According to Michael Babad, the Star's deputy managing editor for business, the afternoon edition will be a printable eight-page PDF in 8.5 x11-inch format, with up to four extra pages devoted to "sports, lifestyles, young working adults and people in the news." To appeal to commuters, the eight-page core product also includes a diversions page with puzzles. The goal is to feed "various and sundry reader desires," Babad says.
Star spokeswoman Heather Armstrong says the first afternoon edition has support from five major advertisers, whose ads will appear in banner format. The banner ads will rotate on the front-page PDFs of the same edition, giving each advertiser some exposure in the premium position. The edition will become available at 3:30 p.m. every afternoon, printable in both black-and-white and color versions.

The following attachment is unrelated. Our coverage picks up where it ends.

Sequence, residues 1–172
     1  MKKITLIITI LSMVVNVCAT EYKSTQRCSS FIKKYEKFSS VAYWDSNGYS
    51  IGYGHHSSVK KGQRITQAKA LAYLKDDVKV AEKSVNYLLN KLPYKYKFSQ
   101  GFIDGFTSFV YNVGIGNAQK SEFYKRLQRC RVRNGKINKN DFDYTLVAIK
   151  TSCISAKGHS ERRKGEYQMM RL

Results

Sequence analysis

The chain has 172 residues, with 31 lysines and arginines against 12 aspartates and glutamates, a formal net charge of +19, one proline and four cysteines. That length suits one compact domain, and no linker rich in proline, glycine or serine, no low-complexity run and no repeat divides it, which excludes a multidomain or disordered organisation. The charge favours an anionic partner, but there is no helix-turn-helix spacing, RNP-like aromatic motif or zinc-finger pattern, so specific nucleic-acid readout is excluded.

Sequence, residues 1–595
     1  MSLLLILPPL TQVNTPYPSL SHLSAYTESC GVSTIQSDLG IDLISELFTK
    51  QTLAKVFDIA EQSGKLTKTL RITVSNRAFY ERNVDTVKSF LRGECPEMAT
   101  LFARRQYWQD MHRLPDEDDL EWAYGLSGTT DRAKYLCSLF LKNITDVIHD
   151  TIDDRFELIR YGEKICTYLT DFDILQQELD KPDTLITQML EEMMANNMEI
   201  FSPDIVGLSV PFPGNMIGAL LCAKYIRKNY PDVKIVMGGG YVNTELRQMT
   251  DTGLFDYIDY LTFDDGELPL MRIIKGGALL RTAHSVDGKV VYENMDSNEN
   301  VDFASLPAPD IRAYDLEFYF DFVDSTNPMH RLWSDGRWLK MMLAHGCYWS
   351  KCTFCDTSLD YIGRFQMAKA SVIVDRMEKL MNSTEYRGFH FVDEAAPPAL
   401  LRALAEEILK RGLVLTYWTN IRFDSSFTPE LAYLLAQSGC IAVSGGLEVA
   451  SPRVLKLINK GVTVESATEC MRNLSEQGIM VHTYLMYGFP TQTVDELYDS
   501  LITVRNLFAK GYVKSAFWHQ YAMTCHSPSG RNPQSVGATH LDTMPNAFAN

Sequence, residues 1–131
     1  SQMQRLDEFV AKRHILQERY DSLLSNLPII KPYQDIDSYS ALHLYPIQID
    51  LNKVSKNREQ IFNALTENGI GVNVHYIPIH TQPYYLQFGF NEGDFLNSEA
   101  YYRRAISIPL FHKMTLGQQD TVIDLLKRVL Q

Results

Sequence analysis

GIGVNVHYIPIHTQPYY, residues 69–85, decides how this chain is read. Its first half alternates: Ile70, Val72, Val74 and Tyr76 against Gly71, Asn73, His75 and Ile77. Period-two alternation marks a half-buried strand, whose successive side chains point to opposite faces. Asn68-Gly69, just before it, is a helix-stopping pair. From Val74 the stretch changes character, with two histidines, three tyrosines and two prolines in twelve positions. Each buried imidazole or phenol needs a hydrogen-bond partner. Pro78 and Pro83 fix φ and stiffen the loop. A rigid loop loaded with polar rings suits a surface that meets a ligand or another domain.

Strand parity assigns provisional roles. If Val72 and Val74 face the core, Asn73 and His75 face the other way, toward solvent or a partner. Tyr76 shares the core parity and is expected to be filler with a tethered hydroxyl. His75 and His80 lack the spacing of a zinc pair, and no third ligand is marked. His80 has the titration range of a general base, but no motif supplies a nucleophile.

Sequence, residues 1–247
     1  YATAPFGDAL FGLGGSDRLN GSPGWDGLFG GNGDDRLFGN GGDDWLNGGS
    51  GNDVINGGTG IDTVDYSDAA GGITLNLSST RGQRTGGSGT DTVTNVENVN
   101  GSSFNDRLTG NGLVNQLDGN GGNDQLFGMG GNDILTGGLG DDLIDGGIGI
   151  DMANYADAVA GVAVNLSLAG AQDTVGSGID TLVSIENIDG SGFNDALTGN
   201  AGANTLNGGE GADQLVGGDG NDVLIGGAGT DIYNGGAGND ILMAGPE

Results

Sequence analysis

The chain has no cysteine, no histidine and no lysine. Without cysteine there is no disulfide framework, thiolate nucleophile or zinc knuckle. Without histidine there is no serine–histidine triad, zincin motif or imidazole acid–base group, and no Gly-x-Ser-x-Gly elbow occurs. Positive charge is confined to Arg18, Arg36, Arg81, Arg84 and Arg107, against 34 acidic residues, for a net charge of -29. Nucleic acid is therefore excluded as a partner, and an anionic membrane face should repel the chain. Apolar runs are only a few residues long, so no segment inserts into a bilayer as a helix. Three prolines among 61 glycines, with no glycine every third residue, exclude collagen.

In the Star's new strategy, Armstrong says, "breaking news is posted to the Internet, and the print newspaper is much more about explaining the context and background of events, answering the question of why things are happening." The newspaper hopes to reinvent itself as a "multi-product platform that services customers with news when they want it, in the ways they want it."
Some European papers with international readership--most notably the Financial Times' FT P.M.--have been offering late editions in PDF form since last year.
Ken Doctor, a newspaper industry analyst with Outsell, Inc., was skeptical that a downloadable afternoon edition could help major newspapers in their struggle with the Internet, although he believes it has some utility, particularly as an FT niche product. "If you can target a niche with data about market closings, for example, and if readers can benefit from the portability of print, it's ideal for a commuting audience," he says. But as a general news product, Doctor isn't convinced. "The growing competition from portable Internet-enabled devices like laptops and PDAs will shape where people get their news on the go."